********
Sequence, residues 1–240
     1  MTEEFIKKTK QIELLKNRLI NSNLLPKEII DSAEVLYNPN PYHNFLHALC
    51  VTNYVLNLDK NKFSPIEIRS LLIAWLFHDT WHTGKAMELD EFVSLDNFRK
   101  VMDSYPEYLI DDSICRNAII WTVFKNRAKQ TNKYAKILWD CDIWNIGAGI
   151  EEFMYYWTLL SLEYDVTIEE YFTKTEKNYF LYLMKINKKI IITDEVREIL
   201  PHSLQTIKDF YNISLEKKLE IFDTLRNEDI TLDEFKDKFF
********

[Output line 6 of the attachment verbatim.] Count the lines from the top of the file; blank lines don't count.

   201  PHSLQTIKDF YNISLEKKLE IFDTLRNEDI TLDEFKDKFF